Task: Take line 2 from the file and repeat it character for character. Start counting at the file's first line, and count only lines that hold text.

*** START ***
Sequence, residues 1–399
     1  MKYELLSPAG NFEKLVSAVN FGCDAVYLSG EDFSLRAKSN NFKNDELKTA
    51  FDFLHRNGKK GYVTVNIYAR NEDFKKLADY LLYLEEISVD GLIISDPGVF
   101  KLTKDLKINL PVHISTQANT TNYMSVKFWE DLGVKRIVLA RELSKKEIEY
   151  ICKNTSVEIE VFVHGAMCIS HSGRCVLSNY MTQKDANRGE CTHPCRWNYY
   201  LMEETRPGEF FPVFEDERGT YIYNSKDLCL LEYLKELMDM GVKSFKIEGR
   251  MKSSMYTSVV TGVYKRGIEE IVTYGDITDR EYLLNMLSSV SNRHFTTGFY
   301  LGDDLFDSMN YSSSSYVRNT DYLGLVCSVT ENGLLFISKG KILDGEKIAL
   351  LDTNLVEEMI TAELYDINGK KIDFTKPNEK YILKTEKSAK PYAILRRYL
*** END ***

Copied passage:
     1  MKYELLSPAG NFEKLVSAVN FGCDAVYLSG EDFSLRAKSN NFKNDELKTA